as the alabaster duck on my wall, stuck
always in mid-flight and going nowhere.

Write what you know they say
to the sad realization that I know nothing.
All my days spent accumulating a well
of useless information, suppressed emotions
and little insight into anything other than
the need to go ostrich and bury my head.

O for a Grecian Urn or a Snowy Wood,
the muse to see beyond the black and white
of everyday. But here I squander in a bed
of dead daffodils, waiting for enlightenment
to take me to the shores of Byzantium
on the back of a compliant dolphin.While inside
the periscope to my brain I crave coffee,
toast and marmalade.

What Have I Done to Thee O Muse, with its sly nod to craft and block with a conversational Billy Collins tone deserves a chance at POTY.  "A bed of dead daffodils" is a hoot, as are the other literary references. We all could use a good chuckle, an occasional left or right jab at our muse. --Laurie Byro

Third Place (tie)

World Affairs

by Kenny A. Chaffin
Wild Poetry Forum

When I heard my sister
had collaborated with the Chinese
I called Donald
he’d know what to do

But his tongue was gone
his twitter fingers removed
by the Saudis
MBS not responsible

Another reprehensible interrogation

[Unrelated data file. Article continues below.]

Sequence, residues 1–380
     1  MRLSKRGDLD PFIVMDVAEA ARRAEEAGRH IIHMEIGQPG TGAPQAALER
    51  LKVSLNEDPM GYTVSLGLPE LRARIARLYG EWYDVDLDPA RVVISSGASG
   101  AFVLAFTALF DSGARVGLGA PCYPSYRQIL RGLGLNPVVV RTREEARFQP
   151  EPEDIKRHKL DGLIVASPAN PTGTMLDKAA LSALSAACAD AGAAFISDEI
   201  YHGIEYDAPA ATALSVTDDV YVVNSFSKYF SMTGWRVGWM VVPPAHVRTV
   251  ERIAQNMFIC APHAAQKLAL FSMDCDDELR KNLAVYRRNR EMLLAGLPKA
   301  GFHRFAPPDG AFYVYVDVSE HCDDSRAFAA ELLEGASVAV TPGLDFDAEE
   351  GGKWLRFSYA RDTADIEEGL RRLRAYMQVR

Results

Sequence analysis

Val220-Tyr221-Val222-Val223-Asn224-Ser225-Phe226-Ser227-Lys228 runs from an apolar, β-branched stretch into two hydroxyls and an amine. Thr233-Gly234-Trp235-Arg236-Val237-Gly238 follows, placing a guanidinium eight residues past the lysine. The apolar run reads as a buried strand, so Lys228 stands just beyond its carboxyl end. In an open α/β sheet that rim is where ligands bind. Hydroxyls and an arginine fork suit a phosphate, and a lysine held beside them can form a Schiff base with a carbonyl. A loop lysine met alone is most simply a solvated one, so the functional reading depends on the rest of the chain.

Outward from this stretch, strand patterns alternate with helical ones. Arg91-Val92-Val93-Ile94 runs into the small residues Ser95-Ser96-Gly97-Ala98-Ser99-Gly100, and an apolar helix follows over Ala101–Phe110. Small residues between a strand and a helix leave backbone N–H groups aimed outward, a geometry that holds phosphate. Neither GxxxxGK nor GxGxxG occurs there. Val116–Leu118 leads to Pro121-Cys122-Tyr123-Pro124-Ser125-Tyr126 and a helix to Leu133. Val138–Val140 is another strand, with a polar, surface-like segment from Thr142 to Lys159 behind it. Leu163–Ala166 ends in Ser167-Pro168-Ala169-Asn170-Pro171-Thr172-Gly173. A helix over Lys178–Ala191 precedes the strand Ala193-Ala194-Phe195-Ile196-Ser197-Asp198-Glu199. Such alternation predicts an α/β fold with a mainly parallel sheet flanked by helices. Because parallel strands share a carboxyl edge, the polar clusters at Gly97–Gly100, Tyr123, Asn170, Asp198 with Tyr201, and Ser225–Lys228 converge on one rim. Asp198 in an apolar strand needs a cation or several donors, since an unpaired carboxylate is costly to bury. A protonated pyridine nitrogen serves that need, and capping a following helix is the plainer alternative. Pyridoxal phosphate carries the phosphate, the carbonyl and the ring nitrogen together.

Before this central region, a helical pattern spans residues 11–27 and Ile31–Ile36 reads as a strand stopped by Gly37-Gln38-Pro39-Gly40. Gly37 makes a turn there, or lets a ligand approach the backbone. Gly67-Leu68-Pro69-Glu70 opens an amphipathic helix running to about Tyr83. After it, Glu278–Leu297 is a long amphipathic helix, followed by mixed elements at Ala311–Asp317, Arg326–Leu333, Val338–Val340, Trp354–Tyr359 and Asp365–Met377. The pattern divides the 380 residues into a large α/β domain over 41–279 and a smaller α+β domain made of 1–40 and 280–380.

gone wrong but cheered
by Putin whose secrets
will remain sealed

like terracotta warriors
in a mausoleum of despair
my sister’s tears streaming
down Chairman Kim’s cheeks

I am certain that some will not find this poem funny nor deserving an award, and yet "World Affairs" cracks me up. Who can resist the final images, and I say "bravo" for a poet taking a risk. Didn't Williams say we can't always get the news through poetry?  I think the last strophe with those terracotta warriors and the image of tears, earns a tie for 3rd place.  --Laurie Byro

Honorable Mention


by Mary MacGowan
The Waters

The annoying physical traits
have not yet arrived.
The narrow dripping of the nose.
The cough. The itchy ankle, so quiet.

Birds gather at the safflower feeder
but hummingbirds still refuse
to drink after mold showed up.

Somehow I swam through the night
and ended up here
on the heart attack bench.

And the legs. How still the legs.
The swallowing
to see if the throat still hurts.

Honorable Mention

A Can of Grandma Figlioto’s Pasta Sauce

by Daniel J. Flore III

I’m looking at
the blurry slow motion picture
of a heavyset Italian woman
on a pasta sauce can
she moves back and forth
almost hypnotic
in my eyes
gently rocking
my weakened body
with the “old country” recipe of hers I just ate
and her black
Italian eyes and lips
that keep repeating